• Try feather blending colors together. If coloring in circles over soaks the paper, then feather-blend your colors together, as this uses less ink.

• Let base layers dry before you add darker colors on top. The paper can only hold so much ink before it wants to bleed. if you let it dry a little (don't let it get completely dry or it will take more ink to blend) then it will accept more ink in the same spot before it begins to bleed.

• Avoid edges. If none of those techniques work for you, then be extra careful and don't color right up to the edges.

Note: It is very hard to fix bleeding reds with the colorless blender! You are more likely to create a bigger mess.

Here is how I colored him for my final picture. Since I didn't want to switch paper, I changed my technique instead. I decided to go with feather blending. I am working with the Natural Blending Group of R24, R29 and R59. Since R29 is the darkest in the R20's group, then I can shadow it with either R39 or even darker, R59. Since I like more contrast, I went with R59.

1. Start with your light color (R24) and feather it into darker areas. Leave it white where the darker color will be added.

2. Lightly feather in the darker red (R29) from the opposite direction.

3. Let the middle red dry a bit, then add the darkest red (R59). You don't want to take any chances, and two or more layers of red are really going to risk bleeding.

4. Let it dry some more and then feather some R29 into the R59 area, and feather the R24 into the R29. It may take a few LIGHT layers to really get the colors to blend, but it will work eventually.

Here is my final guy. As you can see from the back of this image, I used a whole lot less ink on this smoothly colored picture than I used on the first image, and it still looks great.

I lightly feathered the BG10 out as simple sky accent from his shirt. If my reds had bled at all, then this would have caused the red ink to spread all over the place as well. But you can see from the back of the paper that my ink does not soak all the way to the lines, unlike the first image. By using less ink overall, I am able to get my reds to work better.

Monday, May 17, 2010

Back from Australia

I think I'm finally getting caught up after my trip to Australia. Before I get caught up in other updates I wanted to share a few things from our Fabulous trip to Australia. Lori posted some great photos on her blog as well.
Paper in Australia
One of the first questions I get from people in other countries always seems to be "What is a good paper?" I had a couple e-mails bugging me about paper types for the land down under. If you live in Australia and have been looking for a good paper to use with Copic markers, then you are in luck!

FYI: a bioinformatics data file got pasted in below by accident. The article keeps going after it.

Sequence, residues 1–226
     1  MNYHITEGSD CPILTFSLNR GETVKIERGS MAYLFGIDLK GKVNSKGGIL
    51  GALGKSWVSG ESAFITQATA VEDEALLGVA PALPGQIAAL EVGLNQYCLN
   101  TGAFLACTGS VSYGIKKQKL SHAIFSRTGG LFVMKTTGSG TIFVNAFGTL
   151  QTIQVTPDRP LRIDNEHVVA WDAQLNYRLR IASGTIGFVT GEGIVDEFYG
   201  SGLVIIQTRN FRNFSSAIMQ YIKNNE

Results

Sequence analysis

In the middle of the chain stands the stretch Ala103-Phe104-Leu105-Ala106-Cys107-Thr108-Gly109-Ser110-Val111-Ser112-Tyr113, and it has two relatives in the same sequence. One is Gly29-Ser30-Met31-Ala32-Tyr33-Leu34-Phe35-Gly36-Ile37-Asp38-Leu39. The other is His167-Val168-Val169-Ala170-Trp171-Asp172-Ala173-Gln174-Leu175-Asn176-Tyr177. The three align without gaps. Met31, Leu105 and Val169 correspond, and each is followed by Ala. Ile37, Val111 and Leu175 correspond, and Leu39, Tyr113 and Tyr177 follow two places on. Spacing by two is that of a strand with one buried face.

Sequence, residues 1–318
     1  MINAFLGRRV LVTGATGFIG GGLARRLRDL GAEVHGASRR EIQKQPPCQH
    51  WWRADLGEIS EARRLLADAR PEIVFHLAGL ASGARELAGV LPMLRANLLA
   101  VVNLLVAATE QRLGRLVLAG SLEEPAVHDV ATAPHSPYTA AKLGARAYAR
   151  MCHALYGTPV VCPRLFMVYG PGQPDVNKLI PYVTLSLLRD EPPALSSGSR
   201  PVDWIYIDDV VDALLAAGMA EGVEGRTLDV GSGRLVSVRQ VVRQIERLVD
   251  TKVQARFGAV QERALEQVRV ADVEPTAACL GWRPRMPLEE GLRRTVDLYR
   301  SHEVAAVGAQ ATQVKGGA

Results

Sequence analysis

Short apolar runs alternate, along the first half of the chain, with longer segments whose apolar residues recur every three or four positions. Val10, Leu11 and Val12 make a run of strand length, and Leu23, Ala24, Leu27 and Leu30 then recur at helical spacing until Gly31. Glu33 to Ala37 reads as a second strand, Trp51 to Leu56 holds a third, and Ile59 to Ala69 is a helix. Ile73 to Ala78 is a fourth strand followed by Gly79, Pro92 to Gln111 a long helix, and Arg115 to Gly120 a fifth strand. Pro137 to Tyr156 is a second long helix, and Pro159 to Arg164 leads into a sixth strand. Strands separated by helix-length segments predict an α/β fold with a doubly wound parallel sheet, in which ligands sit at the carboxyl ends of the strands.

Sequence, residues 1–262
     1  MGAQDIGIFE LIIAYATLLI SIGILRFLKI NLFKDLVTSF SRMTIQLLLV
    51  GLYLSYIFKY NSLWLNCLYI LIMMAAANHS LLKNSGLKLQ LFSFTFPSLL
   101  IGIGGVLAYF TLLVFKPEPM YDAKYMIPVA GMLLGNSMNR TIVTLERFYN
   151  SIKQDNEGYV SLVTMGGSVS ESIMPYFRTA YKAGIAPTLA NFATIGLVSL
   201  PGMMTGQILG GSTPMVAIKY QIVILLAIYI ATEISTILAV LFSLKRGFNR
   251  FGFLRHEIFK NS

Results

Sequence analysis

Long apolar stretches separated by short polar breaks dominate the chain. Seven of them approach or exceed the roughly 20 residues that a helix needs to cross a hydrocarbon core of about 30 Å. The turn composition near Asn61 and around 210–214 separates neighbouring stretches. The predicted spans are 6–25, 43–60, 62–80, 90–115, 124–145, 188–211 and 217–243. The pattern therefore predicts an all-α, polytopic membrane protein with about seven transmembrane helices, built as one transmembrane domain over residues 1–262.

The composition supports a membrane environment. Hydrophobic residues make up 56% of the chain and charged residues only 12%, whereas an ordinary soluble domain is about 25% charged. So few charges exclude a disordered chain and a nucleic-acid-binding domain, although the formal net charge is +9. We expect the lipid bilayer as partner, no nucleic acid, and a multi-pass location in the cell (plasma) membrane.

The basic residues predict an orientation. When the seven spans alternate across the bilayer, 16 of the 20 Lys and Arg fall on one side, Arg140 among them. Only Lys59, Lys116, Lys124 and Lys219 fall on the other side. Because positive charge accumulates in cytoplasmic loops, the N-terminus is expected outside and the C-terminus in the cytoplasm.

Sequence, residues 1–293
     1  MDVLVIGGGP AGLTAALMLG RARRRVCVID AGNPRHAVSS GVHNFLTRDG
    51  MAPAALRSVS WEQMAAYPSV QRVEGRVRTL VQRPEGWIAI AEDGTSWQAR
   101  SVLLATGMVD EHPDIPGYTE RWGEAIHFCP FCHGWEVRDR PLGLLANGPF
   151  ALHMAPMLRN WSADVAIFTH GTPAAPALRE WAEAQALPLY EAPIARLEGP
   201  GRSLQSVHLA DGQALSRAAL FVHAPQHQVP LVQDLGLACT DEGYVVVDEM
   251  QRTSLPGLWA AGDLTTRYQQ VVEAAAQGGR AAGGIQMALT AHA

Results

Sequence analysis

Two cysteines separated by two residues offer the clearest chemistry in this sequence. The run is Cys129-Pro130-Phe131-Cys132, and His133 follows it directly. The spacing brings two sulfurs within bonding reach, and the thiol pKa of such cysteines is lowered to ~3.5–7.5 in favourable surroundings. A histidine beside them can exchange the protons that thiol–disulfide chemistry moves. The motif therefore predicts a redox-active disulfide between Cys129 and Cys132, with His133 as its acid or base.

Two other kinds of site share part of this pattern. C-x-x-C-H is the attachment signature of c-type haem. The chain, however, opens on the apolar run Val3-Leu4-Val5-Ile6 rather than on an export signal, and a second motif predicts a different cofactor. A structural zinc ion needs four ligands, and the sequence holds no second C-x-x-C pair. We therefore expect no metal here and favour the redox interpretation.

Lori and I tested X-Press It's Copic Blending Card and we fell in love. If you are familiar with Neenah, this paper blends much like Neenah, but bleeds less and you can put more layers of color on the paper before it gets oversoaked. It's only available in Australia and New Zealand, so if you live down there be sure to check it out.

Image: Drawn with a 0.1mm Multiliner on X-Press It Blending Card. Colors used: E31,E00, E33, E35, E13, BG10, E27, E29, E000, E11, E04, R32, R29, R59, Y38, Y11, W1

Certifications In Australia
Part of the reason Lori and I went to Australia was to train the new regional instructors for Australia and New Zealand. Before I go any further, I need to remind you that any Certification classes held outside of North America are exclusively coordinated by the Copic Distributor for that country. Since Australia now has a program up and running, any inquiries we get about certification from someone in Australia or New Zealand will be forwarded to that distributor.

Congrats to the new Certification team in Australia! Pictured in the photo, from Left to right: Jacqui (Distributor), Debra James, Kathy Jones, Mandi Klinger, and Jonny (Distributor). We had a fabulous time training them, and I urge you to go visit their blogs and get inspired by their fabulous designs. They are all very talented, fun, inspiring ladies. Our hosts, Jacqui and Jonny were wonderful and so sweet (and they kept feeding my sweet-tooth). I can't wait to go back to Australia sometime to color with everyone once again!

Upcoming Certifications in Australia-
There are lots of classes and events coming up this year in Australia From Brisbane to Perth, so for more info on upcoming classes please visit the Australian Copic Events listings here. I know that you will have a great experience taking a class from any of these fabulous ladies. There is so much great information available, and you can be assured that they are teaching the same official certification program that we have here in North America.

Whew! OK, now that I've had a chance to unwind from Australia, tomorrow I'll post updates on all classes we have coming up on this continent. Have a great week!